Produced by Mel Gibson’s Icon Productions, Fairy Tale: A True Story is a fictitious take on the true life tale that saw Elsie Wright and Frances Griffith take photographs of what they claimed to be fairies in their garden. The story (known as the Cottingley Fairies) has gone down as one of the great mysteries of the 20th Century, even though later in life both girls admitted to faking the imagery within the photographs.
Charles Sturridge’s film explores the supposition that Elsie and Frances (Florance Hoath and Elizabeth Earl) did indeed discover fairies in their garden and it details the fascination with the event by Harry Houdini and Sir Arthur Conan Doyle (played by Harvey Keitel and Peter O’Toole). This keeps many of the bare bones of the real event but adds a fantastical element which makes it a fitting family film.
The Harry Potter movies changed the landscape for family films, upping the action content and the special effects quota.Today Fairy Tale looks rather quaint, but its special effects hold up well and there’s an innocence to the whole thing that makes it feel refreshing in this age of franchise movie making. There’s a great story here and Ernie Contreras’s script goes some way to tease out a lot of the excitement that erupted once the story of the Cottingley Fairies hit the national press. However, Contreras skims over a lot of what could have made this special and sadly Harvey Keitel and Peter O’Toole’s Houdini and Doyle are sidelined in favour of spending more time with Elsie and Frances. That would have made for a very different (and better movie) and we get hints at what this may have been.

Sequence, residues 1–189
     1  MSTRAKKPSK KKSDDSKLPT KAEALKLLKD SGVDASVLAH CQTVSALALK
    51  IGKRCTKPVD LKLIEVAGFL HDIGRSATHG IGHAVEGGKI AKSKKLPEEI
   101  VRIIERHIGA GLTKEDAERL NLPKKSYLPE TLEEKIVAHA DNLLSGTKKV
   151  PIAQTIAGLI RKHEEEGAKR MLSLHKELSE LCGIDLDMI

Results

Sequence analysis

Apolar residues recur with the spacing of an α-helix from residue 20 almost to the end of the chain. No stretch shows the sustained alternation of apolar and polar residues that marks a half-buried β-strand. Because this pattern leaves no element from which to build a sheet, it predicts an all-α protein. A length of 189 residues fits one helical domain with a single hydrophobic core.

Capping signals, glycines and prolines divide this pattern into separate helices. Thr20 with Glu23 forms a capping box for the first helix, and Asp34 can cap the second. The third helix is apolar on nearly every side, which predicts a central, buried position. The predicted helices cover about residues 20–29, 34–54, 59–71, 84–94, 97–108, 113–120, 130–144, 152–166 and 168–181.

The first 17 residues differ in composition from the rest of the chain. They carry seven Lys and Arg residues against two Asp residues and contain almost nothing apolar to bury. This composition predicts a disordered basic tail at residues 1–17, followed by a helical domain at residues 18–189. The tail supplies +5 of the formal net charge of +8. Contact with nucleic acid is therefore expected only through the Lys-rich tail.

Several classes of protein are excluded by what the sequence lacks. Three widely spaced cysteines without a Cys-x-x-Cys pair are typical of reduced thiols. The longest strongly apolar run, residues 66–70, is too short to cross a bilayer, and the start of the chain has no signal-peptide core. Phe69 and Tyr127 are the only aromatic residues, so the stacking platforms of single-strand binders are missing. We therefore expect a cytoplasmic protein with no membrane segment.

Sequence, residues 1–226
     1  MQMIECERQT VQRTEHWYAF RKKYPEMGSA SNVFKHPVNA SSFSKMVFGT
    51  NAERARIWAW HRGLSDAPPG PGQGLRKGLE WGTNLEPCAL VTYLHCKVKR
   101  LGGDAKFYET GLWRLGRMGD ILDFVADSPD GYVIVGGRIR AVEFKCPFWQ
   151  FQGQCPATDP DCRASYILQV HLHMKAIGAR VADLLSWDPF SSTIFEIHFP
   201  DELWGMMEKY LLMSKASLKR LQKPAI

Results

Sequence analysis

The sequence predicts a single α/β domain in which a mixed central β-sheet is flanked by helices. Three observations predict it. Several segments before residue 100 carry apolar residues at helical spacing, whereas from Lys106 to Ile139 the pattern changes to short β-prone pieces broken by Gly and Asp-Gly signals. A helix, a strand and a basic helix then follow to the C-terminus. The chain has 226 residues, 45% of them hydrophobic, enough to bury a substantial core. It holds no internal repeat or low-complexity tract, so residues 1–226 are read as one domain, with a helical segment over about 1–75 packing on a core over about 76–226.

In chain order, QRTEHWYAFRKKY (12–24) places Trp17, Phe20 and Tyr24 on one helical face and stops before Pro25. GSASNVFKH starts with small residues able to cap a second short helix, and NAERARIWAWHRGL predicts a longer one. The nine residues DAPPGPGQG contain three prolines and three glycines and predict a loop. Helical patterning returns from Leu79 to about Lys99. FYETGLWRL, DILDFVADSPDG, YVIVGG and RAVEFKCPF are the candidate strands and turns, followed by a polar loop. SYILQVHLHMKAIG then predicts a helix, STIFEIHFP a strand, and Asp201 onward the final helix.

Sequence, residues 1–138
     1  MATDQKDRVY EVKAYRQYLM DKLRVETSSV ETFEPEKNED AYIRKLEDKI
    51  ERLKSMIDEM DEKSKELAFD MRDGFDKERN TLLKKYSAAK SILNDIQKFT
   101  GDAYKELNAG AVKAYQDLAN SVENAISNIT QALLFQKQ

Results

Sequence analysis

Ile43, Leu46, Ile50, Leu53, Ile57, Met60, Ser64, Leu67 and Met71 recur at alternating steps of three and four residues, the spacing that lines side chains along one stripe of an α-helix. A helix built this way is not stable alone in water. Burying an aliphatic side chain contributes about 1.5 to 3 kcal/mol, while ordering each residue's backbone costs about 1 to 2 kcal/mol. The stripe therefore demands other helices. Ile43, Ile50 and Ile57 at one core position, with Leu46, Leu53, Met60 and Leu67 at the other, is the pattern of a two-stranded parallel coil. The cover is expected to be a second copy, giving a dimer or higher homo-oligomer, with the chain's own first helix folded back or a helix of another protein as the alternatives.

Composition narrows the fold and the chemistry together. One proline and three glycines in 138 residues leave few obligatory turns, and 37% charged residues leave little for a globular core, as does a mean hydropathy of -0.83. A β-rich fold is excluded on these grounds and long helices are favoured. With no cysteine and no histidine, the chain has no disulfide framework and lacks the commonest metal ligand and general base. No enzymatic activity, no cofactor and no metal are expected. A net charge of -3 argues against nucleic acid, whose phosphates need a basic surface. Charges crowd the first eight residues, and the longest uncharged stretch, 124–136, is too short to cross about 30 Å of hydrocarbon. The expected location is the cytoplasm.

Fairy Tale: A True Story is a film for the whole family and while it may feel a little quaint by today’s standards, it’s a captivating story based on fascinating true events. Ultimately, Fairy Tale A True Story is a fairly good telling of a true fairy story.